I’ve watched that same thing play itself out in a variety of ways throughout my life. Popularity vs. relationship. Lust vs. relationship. Pride vs. relationship. Greed vs. relationship. Addiction vs. relationship.

Micah 1-4 is a list of accusation against a nation and their wickedness. Because they chose evil, unbelief, disobedience over relationship. Psalm 10 takes a look at a heart.

For they brag about their evil desires;
    they praise the greedy and curse the Lord.

The wicked are too proud to seek God.
    They seem to think that God is dead.
Yet they succeed in everything they do.
    They do not see your punishment awaiting them.
    They sneer at all their enemies.
They think, “Nothing bad will ever happen to us!
    We will be free of trouble forever!”

Their mouths are full of cursing, lies, and threats.
Trouble and evil are on the tips of their tongues. (Psalm 10:3-7, NLT)

If you’ve ever been on the relationship side of being ditched, you know the sting of sin. But when it’s man vs. God, it’s man choosing an idol over God, and that idol goes by many names. It is temporary, powerless, empty.

Those choices can be defining, life altering, eternal.

 

Though the nations around us follow their idols,
    we will follow the Lord our God forever and ever. (Micah 4:5, NLT)

Every day, a choice.

As Jesus was leaving the Temple grounds, his disciples pointed out to him the various Temple buildings. But he responded, “Do you see all these buildings? I tell you the truth, they will be completely demolished. Not one stone will be left on top of another!” (Matthew 24:1-2, NLT)

This life, this world, they are so very temporary.

Live kingdom focused.

45 “A faithful, sensible servant is one to whom the master can give the responsibility of managing his other household servants and feeding them. 46 If the master returns and finds that the servant has done a good job, there will be a reward. 47 I tell you the truth, the master will put that servant in charge of all he owns. 48 But what if the servant is evil and thinks, ‘My master won’t be back for a while,’ 49 and he begins beating the other servants, partying, and getting drunk? 50 The master will return unannounced and unexpected, 51 and he will cut the servant to pieces and assign him a place with the hypocrites. In that place there will be weeping and gnashing of teeth (Matthew 24:45-51, NLT).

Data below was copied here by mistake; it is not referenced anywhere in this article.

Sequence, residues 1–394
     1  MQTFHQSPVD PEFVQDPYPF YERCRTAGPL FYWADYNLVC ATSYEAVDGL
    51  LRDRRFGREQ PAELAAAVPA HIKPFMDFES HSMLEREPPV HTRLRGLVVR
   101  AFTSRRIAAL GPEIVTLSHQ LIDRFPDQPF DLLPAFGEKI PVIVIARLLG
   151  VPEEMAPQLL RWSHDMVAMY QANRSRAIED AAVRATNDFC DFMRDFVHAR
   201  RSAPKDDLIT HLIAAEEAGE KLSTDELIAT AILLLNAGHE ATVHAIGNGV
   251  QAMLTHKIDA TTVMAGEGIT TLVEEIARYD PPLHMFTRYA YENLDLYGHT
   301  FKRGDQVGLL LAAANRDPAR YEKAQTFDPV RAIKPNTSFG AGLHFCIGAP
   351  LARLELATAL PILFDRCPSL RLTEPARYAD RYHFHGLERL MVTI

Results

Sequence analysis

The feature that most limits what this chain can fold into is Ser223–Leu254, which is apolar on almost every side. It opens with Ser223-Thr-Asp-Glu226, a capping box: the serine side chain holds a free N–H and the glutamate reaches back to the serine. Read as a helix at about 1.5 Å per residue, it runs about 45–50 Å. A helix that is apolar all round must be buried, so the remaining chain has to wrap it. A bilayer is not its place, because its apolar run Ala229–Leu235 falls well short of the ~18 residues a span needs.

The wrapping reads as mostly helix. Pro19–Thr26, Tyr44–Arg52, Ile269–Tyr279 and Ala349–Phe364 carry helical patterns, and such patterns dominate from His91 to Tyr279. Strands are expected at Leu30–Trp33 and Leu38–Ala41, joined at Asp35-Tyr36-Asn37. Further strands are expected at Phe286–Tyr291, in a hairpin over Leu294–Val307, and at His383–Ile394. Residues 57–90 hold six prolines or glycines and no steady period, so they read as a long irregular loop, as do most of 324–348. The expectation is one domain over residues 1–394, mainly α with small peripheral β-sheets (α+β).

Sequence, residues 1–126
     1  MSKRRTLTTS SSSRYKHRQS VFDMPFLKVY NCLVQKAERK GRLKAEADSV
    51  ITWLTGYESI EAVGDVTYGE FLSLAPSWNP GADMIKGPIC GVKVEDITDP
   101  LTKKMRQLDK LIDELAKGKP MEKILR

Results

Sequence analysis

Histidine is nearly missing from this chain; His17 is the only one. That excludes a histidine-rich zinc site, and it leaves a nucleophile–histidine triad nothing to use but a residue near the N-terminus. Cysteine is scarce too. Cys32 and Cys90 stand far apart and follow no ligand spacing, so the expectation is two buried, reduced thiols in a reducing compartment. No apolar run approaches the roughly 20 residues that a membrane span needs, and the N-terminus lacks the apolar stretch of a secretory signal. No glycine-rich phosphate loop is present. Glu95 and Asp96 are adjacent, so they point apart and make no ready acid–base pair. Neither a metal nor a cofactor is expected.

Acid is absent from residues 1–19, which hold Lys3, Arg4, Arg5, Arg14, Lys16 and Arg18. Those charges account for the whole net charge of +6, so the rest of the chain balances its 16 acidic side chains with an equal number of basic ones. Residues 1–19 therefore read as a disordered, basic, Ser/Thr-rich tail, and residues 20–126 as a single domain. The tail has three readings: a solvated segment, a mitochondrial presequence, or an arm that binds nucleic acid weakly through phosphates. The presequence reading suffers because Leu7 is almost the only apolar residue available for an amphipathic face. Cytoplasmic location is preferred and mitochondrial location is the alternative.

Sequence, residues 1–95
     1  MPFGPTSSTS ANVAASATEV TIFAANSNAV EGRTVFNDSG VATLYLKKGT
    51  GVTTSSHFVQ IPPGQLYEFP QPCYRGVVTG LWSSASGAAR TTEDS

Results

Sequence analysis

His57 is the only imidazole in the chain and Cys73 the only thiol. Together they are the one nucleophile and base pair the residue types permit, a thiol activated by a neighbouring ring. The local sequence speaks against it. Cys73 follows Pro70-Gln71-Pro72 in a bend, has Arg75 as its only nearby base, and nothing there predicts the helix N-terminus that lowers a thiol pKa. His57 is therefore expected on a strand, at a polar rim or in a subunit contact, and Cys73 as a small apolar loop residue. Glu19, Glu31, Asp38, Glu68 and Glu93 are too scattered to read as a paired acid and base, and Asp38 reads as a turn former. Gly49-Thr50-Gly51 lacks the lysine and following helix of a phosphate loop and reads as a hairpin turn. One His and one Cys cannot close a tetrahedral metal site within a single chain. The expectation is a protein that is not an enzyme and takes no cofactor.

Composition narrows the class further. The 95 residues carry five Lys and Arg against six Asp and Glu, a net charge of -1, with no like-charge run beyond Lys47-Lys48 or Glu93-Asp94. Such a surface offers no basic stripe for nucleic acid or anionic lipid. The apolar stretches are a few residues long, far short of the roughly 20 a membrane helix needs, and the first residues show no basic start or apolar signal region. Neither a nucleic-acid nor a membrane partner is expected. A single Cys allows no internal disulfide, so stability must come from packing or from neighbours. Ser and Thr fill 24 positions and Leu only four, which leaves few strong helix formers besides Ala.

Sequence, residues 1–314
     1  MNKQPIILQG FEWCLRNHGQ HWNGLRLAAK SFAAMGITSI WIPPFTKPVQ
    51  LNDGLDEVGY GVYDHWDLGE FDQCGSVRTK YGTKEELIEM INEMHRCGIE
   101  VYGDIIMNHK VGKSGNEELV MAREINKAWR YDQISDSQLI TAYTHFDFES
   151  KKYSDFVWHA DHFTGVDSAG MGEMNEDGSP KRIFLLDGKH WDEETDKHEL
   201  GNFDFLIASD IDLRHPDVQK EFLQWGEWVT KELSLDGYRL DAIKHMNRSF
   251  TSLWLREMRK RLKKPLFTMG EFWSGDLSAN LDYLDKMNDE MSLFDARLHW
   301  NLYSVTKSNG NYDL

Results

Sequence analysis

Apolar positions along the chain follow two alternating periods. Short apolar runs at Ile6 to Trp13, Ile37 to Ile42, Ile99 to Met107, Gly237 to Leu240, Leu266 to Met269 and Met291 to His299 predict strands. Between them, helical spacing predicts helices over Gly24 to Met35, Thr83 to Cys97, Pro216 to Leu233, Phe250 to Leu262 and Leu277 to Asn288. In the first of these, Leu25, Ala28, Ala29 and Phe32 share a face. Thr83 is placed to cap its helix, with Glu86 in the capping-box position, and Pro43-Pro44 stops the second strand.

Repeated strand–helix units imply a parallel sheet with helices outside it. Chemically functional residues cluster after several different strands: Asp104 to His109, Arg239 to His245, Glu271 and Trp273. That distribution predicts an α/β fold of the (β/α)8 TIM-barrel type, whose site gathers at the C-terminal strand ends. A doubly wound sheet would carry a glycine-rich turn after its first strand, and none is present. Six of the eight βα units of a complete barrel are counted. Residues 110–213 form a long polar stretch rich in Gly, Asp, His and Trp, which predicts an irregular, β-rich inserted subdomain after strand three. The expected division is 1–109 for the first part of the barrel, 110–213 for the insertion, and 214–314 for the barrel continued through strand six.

Lord, the choices I make, the words I say, the actions I take, they tell a story, and whether intended or not, the story they tell will show my heart. But truly, importantly, I hope those choices show you–my strength in weakness, my hope in grief, my faith in what seems futile. You are just. You are sovereign.

Courtney (66books365)

Leave a comment

Filed under 66 Books, Bible in a year reading plan, Matthew, Micah, New Testament, Old Testament, Psalms, Uncategorized

Proverbs 8-10; Psalm 144; Romans 12

I was reminded this week of the importance of caring enough for my wife that I need to be listening to her – really listen.  There is so much more peace in our home and I am such a hero when I do, that I cannot understand why I am not an expert on such matters by now.

Listen carefully
to my instructions,
    and you will be wise. – Proverbs 8:33   CEV

The same can be said of my relationship with God.  Listening means spending time with God.  I believe I have shared this before, but I believe God’s love language is – time.  It is when I stop spending time with Him that other voices have an opportunity of creeping in and messing with my mind.  Voices that even go so far as challenging the authenticity of my relationship with God.

Why do we humans mean anything
to you, our Lord?
    Why do you care about us? – Psalm 144:3  CEV

Ann-Marie and I went to visit a new couple from our church this week.  We wanted to call them and drop in and thought it might be too soon for that.  What a joy to be invited two hours later by them!  We talked all night about our relationship with God and how He has woven our faith from experiences gone by. Sometimes caring is exactly that – spending time with others, hearing their voice, celebrating new friendships.

Take care of God’s needy people and welcome strangers into your home. – Romans 12:13  CEV

Father, I know in my head that You care for me, from time to time I wonder why You or any one else would matter to care.  As the evil one may want to take Your care away from me, allow me to practice to care for others, to listen well, to spend time with You so that I might be equipped, ready to accept the invitation from You or someone else to care for them in their moment of need.  There are not enough praise words in our language to speak to Your love for me.  I know how much You care – enough for a cross, a death, a burial and the joy of my heart – a resurrection.  Thank you Lord. Amen.

Erwin (evanlaar1922)

Leave a comment

Filed under 66 Books, Bible in a year reading plan, New Testament, Old Testament, Proverbs, Psalms, Romans, Uncategorized